If I could write for any character on TV, I’d write for…
Carlton Cuse: Danny McBride on Eastbound & Down.
Most insane network note I’ve received is…
Cuse: We had a scene in LOST where a character was running a rat through a maze, and we got a note wondering if we could understand the rat’s point of view. It’s a tossup between that and a note I got on a feature I wrote—p.76: “We feel it’s too early for these characters to be barbecuing a goat.”
Adam Horowitz: You can’t kill a dwarf named Sneaky because “sneaky” sounds derogatory. If you name him Stealthy, it’s OK. So we named our eighth dwarf Stealthy. Killed him. And hopefully avoided hurting the feelings of sneaky people around the world.
The best joke I’ve had to cut is…
Edward Kitsis & Horowitz: on LOST, in season 2, when Locke is trying to sweet talk Charlie into taking a shift pressing the button in the hatch he attempts to entice him by telling him there’s a record player down there. We took it another step when, off Charlie’s hesitancy, Locke presses: “Do you like Foghat, Charlie?” — Damon and Carlton thought it was too much. They may have been right, but just the thought of Terry O’Quinn saying the word “Foghat” still makes us laugh. Agree to disagree, DL/CC. Agree to disagree. (x)
Carlton Cuse and Kerry Ehrin’s Bates Motel premieres tomorrow night at 10/9c on A&E.
For those with Comcast, the pilot is available on demand right now. I just watched it, and recommend you do the same either on demand or tomorrow night when it airs.
With Vera Farmiga and Freddie Highmore as Norma and Norman Bates, featuring old friend Nestor Carbonell (Richard Alpert), directed by Tucker Gates, who directed 7 episodes of LOST.
A&E and executive producer Carlton Cuse are looking for some creative minds to check into the network’s upcoming Bates Motel.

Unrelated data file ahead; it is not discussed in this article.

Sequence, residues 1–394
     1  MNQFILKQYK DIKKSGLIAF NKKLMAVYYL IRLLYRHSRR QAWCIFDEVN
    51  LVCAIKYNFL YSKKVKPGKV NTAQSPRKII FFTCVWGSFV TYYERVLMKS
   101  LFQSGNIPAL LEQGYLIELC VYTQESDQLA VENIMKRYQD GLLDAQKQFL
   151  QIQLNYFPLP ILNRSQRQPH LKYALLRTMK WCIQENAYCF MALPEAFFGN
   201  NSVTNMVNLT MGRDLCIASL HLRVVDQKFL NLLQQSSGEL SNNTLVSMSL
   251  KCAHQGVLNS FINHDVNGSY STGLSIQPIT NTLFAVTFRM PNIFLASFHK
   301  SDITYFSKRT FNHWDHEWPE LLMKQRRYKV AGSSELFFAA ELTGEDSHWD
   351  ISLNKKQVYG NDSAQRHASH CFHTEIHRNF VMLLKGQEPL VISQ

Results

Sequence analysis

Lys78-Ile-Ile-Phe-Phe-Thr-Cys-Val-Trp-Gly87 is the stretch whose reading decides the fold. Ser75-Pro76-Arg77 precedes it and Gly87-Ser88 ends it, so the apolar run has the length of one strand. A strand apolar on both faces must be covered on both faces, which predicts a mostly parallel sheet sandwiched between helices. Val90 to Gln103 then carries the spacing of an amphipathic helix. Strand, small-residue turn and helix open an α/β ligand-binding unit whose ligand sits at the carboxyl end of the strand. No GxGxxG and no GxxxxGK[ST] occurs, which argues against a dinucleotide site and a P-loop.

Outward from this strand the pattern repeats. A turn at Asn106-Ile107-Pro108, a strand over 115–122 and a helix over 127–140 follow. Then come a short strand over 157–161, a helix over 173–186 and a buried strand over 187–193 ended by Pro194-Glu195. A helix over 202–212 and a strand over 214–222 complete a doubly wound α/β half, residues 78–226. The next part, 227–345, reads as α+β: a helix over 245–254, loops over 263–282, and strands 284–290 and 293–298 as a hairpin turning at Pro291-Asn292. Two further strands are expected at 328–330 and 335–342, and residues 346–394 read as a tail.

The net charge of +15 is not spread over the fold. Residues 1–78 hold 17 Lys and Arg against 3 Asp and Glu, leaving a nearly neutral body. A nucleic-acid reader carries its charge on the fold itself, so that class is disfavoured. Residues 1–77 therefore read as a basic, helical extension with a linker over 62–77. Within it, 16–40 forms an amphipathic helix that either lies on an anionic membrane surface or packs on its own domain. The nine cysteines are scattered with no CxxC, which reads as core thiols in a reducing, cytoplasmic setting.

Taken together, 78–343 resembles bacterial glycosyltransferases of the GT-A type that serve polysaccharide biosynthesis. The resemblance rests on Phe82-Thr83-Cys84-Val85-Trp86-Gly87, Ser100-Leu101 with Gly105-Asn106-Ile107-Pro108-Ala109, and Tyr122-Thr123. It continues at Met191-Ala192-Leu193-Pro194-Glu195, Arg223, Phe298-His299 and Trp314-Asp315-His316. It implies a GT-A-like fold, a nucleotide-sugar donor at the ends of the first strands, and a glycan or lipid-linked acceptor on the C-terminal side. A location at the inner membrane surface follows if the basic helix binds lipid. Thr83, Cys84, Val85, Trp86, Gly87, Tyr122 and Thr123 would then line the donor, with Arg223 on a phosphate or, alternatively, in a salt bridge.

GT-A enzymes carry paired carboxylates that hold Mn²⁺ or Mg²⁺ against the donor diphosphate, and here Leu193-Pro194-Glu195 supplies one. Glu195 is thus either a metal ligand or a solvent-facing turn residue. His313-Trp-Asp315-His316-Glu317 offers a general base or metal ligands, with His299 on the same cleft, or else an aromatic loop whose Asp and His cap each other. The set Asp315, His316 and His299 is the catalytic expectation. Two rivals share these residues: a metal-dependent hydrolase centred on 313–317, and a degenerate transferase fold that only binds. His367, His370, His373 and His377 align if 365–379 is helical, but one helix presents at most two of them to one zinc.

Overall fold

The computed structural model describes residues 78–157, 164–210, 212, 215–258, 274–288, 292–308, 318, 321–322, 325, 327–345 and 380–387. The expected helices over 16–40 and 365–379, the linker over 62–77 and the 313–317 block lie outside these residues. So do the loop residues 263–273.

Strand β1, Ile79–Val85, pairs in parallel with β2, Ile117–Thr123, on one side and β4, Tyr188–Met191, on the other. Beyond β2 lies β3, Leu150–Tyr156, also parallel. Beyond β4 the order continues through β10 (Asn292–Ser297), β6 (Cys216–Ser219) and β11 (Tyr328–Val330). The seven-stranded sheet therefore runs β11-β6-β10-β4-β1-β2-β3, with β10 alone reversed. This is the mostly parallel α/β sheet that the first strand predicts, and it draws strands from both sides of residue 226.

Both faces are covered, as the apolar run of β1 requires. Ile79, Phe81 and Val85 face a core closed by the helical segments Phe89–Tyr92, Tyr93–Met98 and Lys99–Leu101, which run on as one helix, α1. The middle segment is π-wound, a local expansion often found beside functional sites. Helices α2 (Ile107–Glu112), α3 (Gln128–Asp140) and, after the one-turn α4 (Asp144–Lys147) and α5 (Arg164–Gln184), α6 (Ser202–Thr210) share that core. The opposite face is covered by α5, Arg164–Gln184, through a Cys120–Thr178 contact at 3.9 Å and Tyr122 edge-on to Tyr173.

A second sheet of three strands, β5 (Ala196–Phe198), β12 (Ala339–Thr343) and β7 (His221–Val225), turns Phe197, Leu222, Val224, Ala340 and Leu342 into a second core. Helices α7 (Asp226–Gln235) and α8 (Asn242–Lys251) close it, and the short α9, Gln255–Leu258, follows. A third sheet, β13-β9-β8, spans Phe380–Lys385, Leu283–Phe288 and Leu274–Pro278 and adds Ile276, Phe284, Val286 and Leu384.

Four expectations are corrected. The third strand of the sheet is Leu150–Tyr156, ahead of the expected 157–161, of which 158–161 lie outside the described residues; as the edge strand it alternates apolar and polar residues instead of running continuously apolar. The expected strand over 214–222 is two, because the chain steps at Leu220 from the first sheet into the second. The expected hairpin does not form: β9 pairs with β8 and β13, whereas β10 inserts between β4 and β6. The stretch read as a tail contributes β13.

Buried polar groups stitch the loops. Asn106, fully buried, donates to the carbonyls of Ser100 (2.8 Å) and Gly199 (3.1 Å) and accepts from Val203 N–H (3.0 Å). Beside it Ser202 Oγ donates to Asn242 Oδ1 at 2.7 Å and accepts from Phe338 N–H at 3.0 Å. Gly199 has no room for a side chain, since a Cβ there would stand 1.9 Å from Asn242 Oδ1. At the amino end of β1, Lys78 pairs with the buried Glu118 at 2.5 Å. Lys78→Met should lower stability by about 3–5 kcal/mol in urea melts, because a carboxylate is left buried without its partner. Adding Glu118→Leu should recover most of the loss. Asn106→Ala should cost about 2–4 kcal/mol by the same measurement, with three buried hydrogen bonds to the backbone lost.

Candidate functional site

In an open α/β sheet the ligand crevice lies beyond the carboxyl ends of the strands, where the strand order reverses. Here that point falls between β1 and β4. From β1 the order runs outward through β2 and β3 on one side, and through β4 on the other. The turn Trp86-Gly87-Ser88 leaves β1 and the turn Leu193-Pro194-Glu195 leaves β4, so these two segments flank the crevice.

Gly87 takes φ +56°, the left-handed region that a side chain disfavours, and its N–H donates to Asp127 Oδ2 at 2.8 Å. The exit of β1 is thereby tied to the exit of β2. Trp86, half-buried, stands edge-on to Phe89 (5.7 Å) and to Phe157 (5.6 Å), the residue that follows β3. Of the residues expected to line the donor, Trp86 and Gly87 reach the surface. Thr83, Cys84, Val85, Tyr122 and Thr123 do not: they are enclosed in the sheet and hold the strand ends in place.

The cabler and Cuse are looking for the public’s help in creating the 15-second opening title sequence for the upcoming Psycho prequel series, which will premiere in March.
“We want to give fans the chance to participate in the show,” Cuse said. “We’re looking for an awesome 15-second title sequence that captures the feel of Bates Motel — not as a slasher/horror show, but as a complex, character-based thriller.”
The contest begins today and runs on the series’ Facebook page through Jan. 3, with fans submitting their visual ideas through video submissions. Cuse will judge and ultimately select the winner that best represents the mood, tone and overall feel of the series. (via)
First look: Bates Motel
A&E Network is checking into Bates Motel without even ordering a pilot, it was announced today. The network is putting in a 10-episode order of the Alfred Hitchcock Psycho-inspired series from Universal Television, with a 2013 premiere planned. Carlton Cuse and Kerry Ehrin will serve as executive producers. Cuse wrote almost three dozen episodes of Lost and served as executive produce on the show. Ehrin was a writer and producer recently on Parenthood and Friday Night Lights. Roy Lee, John Middleton Jr, and producer Mark Wolper originally put Bates Motel together. As A&E announced earlier this year, the series goes into the story before Psycho. With a contemporary touch, Bates Motel looks at the twisted relationship between serial killer-to-be Norman Bates and his mother Norma.
Carlton Cuse, who along with Damon Lindelof executive produced and acted as showrunners of ABC’s Lost, is boarding A&E’s The Bates Motel.
A&E is developing the series, being produced by Mark Wolper and Roy Lee, as a prequel to Alfred Hitchcock’s Psycho. The 1960 horror classic featured an off-his-rocker motel manager named Norman Bates who murdered occasional boarders while under the watch of his even-more-psychotic mother.
Bates Motel aims to tell the story of a young Bates and how his life with his deranged mother and her lover unhinged his mind, eventually turning him into a serial killer. It has been described as a cross between Twin Peaks and Smallville.
If the show is picked up to series, Cuse will executive produce and oversee the writing and production what is being envisioned intially as a six-episode “event” that would lead to additional seasons. It also marks the first “genre” TV project for Cuse since his acclaimed run on Lost.
Kerry Ehrin, who worked on Friday NIght Lights and Parenthood, also is joining Bates Motel as a writer/EP and will work with Cuse.
A&E is hoping the series can do for it what zombie drama The Walking Dead did for AMC, generating top ratings while initiating online water-cooler conversations. (via THR)